A work of almost breathtaking visual beauty that manages to ravish the heart while dazzling the eye simultaneously, neither at the expense of the other.
This girl Lila is like a bolt out of the blue. Of course we all knew that Snoopy was secretive - but who would have guessed he had a dark horse like Lila in his background? You'll never believe when you learn who, and what, she used to be. Even Charlie Brown can't believe his own ears when Schroeder breaks the news to him: "You're the owner of a used dog, Charlie Brown!"
Turns out that Snoopy is a two-owner dog. Lila was his first owner after he left the puppy store, but Lila and her family had to leave town, so Snoopy was returned to the store. And that's when Charlie Brown acquired him.
Now the problem is this: Lila is sick in the hospital with nobody to visit her. So she writes a letter to Snoopy, and without telling anyone Snoopy takes off for the hospital with his friend Woodstock. Lila talks him into coming to live with her again, and so Snoopy says good-by to Charlie, Lucy, Linus and the whole gang. It is a sad occasion indeed, even if there is eventually a happy ending.
The strange thing about "Snoopy, Come Home" is that there are so many sad occasions in it. Snoopy and Lila cry when they're parted. Snoopy and the Peanuts gang cry at his farewell party. Everybody is lonely most of the time, and nobody is where he wants to be, and there are signs saying "No Dogs Allowed" all over the place.
The whole middle section of the movie, filled with farewells and departures, would be kind of a downer for kids, I imagine. Before the movie is over, Snoopy has had to say good-by forever to not just one owner, but two. There's a half-hour stretch that's wet with tears and sad songs. The movie is slow, too, stretching out incidents beyond their normal duration as if to conserve expensive animation. It is also, I regret to say, a boring movie for grown-ups.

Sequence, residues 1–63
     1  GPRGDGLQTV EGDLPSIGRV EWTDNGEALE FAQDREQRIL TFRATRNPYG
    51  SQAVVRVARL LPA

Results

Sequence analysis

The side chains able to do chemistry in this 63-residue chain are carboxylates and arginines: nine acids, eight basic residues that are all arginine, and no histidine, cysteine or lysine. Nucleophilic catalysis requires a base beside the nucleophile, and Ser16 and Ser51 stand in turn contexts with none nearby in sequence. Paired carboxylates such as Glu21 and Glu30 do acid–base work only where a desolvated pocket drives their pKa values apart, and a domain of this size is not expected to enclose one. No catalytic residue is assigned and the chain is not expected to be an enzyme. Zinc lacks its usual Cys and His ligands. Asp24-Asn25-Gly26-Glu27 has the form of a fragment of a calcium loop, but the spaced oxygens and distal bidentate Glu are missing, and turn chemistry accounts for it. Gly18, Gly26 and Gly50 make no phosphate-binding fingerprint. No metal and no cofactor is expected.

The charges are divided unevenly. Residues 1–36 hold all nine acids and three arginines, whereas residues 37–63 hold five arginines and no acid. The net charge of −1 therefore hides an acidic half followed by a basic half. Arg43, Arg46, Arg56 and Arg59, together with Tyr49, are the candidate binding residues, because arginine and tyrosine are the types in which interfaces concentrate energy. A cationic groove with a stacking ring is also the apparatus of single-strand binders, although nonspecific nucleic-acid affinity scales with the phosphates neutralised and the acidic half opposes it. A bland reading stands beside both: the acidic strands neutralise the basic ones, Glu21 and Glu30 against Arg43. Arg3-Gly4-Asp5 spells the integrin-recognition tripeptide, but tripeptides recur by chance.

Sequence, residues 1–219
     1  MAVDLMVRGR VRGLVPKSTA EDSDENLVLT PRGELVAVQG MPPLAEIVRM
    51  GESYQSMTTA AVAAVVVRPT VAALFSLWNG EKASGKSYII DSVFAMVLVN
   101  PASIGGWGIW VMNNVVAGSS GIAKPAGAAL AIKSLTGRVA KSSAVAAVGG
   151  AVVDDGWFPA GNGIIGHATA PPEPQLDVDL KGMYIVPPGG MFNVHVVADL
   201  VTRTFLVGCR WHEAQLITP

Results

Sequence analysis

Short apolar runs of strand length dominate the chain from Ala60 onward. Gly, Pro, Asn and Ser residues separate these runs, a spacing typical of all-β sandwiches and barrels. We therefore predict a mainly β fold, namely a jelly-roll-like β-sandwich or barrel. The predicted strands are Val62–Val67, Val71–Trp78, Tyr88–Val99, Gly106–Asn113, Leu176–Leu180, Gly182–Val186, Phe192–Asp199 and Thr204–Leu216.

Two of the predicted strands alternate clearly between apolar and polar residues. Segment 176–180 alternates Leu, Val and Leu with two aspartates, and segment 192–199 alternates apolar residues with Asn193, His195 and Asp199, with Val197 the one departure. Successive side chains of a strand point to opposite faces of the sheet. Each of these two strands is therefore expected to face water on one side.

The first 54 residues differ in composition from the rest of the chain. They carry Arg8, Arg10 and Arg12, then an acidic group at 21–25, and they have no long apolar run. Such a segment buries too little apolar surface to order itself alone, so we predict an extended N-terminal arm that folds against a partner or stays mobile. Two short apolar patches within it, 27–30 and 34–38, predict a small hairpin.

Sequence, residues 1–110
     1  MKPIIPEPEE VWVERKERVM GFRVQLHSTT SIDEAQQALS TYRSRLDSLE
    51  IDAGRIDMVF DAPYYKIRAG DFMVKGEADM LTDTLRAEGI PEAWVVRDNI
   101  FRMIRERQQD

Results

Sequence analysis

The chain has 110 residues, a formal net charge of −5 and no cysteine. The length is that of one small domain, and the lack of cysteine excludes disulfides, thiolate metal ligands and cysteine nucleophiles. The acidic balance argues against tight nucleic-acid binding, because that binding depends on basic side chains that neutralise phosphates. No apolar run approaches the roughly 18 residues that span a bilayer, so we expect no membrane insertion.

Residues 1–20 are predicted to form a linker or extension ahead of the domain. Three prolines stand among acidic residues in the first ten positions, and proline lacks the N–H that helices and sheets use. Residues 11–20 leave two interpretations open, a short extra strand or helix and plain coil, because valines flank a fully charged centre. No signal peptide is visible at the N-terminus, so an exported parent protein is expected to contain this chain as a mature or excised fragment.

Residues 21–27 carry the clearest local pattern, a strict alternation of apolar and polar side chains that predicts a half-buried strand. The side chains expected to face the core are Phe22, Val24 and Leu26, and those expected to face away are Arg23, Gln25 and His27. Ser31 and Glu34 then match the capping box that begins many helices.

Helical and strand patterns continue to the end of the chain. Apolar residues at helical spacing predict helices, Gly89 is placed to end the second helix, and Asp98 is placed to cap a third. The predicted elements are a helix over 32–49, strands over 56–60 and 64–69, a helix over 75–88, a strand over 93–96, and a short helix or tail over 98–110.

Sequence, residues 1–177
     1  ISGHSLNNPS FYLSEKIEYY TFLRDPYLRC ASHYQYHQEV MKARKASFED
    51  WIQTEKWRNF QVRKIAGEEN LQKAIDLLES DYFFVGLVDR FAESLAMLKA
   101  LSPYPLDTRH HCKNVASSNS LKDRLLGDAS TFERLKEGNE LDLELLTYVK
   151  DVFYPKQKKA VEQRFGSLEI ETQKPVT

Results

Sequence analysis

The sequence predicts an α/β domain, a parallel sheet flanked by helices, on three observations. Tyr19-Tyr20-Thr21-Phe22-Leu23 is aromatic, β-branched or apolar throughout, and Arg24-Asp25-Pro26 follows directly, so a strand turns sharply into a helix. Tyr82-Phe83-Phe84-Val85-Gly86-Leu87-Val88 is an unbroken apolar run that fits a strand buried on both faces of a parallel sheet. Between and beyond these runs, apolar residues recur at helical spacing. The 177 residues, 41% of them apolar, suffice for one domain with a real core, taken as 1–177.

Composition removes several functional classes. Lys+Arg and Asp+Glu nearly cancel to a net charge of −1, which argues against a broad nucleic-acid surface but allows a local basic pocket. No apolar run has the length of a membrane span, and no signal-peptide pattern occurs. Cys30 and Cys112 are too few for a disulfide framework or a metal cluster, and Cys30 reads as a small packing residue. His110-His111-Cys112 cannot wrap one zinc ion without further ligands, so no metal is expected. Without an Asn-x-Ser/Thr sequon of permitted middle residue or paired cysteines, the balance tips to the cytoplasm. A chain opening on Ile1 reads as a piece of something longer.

The problem may be that Bill Melendez, who directed, and Charles M. Schultz, who wrote the movie based on his own comic characters, couldn't decide whether to aim for kids or their parents. "Peanuts" is an adult comic strip that gets its laughs from its deliberately precocious characters. Not many kids read it, and I imagine that not many grade-school kids could really appreciate its subtlety.
Yet "Snoopy, Come Home" has been mostly conceived as a children's movie. So a lot of the action has to take place on a fairly simple level, and a lot of the funny Schulz lines are completely lost on the kids. It's kind of schizo. Still, there are some fine scenes, including a boxing match between Snoopy and Lucy, where Snoopy doesn't have to worry about being socked on the nose because that's where he's wearing his glove.
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A note of thanks from Chaz Ebert to the wonderful people behind "Life Itself."
A look at Kimberly Pierce's 2013 version of "Carrie."